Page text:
DA: My Missus reminds me that I’m just a white boy daily. Don’t worry.

Q: What’s next for you?
DA: We’re doing another Gorillaz record. We came back from summer holidays and realized we could do exactly what we wanted to do with Gorillaz. Essentially, Jamie just had to agree to draw the characters again. ’Cause I just do what I do anyway.
JH: I’m so f—ing bored of drawing those characters. But then we had a moment where we had a new angle on it.
DA: Well, you won’t be bored of drawing them again.
JH: I’m gonna adapt them.

Q:Now that everyone knows the guys behind Gorillaz, does the concept still hold appeal for you?
DA: Making the records has really nothing to do with the characters. The characters take on whatever stuff it is that we’ve done. And they run with it however they choose to.
JH: Whatever stuff we produce, it’s just stuff. [Laughs.] We produce stuff. Musical stuff, physical stuff, plastic stuff. Definitely produce a lot of plastic stuff. Everything we’ve done is perishable. [Laughs.] It will not be remembered a hundred years from now – it’ll be stuff. We need to erect a statue of [Damon] on Ladbroke Grove!
DA: We need to start working in precious stones. I’m starting to get a bit concerned that Damien Hirst’s trajectory is just so much greater than my own. Purely because he’s done stuff that people think will last long enough to pay lots of money for it. It’s ridiculous! To be totally honest with you, I knew him when he was at college, and I felt we all were, like, peers —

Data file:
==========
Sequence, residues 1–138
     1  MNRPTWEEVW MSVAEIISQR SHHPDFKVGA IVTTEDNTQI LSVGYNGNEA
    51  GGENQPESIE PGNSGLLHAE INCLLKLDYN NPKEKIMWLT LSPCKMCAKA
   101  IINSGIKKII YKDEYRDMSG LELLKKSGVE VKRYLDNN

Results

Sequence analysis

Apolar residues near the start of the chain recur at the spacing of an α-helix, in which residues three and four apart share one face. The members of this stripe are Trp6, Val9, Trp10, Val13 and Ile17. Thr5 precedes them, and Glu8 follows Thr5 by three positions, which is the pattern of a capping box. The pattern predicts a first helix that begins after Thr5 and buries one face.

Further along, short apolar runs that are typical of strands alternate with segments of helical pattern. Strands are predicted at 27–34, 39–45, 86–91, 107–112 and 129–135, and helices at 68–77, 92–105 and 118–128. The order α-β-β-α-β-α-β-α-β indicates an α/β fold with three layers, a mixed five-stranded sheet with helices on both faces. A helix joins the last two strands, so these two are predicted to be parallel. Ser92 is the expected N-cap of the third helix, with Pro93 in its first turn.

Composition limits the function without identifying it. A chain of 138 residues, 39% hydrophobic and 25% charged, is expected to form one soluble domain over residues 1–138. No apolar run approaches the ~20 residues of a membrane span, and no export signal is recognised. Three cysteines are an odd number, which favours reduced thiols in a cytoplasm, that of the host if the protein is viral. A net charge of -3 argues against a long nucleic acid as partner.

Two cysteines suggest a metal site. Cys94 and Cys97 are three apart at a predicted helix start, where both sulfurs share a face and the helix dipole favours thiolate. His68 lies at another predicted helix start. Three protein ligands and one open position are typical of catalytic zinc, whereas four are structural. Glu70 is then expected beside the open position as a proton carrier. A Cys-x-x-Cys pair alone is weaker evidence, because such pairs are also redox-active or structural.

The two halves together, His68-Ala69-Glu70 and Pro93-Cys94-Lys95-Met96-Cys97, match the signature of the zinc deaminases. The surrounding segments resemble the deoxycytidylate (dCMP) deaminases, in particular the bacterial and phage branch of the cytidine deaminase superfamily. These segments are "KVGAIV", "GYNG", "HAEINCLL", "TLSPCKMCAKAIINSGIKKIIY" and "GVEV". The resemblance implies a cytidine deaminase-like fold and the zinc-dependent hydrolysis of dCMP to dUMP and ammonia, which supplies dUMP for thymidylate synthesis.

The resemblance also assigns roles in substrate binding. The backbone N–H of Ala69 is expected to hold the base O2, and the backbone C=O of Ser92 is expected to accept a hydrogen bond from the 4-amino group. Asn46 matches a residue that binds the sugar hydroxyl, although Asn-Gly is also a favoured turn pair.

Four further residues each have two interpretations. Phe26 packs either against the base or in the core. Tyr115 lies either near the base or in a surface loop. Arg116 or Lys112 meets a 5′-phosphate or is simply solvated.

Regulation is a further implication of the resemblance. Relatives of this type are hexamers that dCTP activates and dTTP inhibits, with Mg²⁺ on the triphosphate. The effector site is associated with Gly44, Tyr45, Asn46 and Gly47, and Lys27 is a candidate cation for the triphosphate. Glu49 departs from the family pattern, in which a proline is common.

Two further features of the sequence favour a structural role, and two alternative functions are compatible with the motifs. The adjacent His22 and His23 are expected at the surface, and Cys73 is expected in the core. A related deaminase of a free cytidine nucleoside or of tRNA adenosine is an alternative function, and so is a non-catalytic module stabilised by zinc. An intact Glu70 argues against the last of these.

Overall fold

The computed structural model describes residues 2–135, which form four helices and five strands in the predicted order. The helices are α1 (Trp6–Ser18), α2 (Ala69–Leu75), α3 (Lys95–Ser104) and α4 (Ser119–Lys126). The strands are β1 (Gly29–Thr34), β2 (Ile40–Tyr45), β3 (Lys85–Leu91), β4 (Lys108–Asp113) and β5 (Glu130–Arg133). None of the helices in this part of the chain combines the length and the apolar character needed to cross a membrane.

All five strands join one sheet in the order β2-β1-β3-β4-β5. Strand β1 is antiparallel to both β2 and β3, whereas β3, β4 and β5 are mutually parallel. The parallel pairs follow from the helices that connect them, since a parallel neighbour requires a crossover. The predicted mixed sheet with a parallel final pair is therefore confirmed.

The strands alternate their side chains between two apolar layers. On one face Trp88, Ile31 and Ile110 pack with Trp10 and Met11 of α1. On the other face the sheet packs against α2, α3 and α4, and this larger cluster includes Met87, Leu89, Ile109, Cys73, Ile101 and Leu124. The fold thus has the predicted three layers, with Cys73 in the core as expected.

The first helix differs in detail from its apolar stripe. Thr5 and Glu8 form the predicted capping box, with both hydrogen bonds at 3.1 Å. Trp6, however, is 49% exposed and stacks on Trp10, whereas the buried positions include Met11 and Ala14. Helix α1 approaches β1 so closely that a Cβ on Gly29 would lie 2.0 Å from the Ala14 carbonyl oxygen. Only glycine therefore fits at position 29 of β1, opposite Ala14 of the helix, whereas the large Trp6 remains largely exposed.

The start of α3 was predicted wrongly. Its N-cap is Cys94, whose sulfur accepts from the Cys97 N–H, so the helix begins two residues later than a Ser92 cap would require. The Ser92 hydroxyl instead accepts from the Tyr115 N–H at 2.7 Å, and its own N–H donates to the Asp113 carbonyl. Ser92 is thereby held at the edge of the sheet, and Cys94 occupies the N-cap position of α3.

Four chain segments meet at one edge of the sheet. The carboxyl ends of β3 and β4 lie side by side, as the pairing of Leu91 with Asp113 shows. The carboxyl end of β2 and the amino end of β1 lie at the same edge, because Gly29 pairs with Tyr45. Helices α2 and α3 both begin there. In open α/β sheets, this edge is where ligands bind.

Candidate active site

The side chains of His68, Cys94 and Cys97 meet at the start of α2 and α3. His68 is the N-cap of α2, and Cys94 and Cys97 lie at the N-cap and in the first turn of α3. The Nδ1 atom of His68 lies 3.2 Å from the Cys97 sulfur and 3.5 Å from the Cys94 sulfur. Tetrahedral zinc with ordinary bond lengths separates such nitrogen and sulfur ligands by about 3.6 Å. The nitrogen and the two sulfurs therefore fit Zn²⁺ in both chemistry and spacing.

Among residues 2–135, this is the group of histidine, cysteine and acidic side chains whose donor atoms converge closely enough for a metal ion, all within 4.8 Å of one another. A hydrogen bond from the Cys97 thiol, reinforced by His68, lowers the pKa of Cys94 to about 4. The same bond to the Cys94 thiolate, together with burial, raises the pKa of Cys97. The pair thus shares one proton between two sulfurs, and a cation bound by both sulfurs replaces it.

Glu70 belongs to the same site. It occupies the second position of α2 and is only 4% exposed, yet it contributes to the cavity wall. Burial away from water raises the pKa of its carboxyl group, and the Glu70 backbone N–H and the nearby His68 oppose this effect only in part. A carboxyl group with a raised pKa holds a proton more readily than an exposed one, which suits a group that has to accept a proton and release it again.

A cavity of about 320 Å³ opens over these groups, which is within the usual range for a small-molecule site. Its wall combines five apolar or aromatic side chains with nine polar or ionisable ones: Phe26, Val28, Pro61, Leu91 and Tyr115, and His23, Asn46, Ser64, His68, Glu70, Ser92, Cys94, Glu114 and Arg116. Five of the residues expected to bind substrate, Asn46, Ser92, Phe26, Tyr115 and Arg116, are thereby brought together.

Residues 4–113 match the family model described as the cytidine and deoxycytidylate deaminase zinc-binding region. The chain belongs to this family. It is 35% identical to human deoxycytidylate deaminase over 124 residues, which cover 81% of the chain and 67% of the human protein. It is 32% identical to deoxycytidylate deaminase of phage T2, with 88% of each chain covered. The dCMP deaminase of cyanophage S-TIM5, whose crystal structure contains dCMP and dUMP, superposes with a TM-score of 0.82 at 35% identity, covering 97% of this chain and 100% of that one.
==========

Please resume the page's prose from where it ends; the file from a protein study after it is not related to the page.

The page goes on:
JH: Don’t get started on f—in’ Damien Hirst! It’s just stuff! We do affordable stuff; he just does really expensive stuff. But he’s cornered the market where he knows he can sell anything for an awful lot of money to some stupid asshole art buyer. He creams it off ’em, and he does it with a smile on his face.
DA: I think he’s brilliantly wrong in what he does. But maybe that’s what we need to do with Gorillaz. We need to do them in stone-encrusted gold.

Q: Seriously, what are you guys planning to do to make Gorillaz exciting again?
JH: We really can’t say what we’re doing next. We just started. You’re only the second person we’ve told that Gorillaz is making an album, actually. We were instructed to keep it a secret. When we told the record company, they went “Woohoo!” – you could hear them shouting in the background – and then said, “Don’t tell anybody!”
DA: We’re not entirely certain; we generally just go with our gut. I dunno. We are obtuse and quite abstract, really. We play a game but it’s not strictly the game. Sometimes it really works and sometimes… [Laughs.] Actually, usually it really works.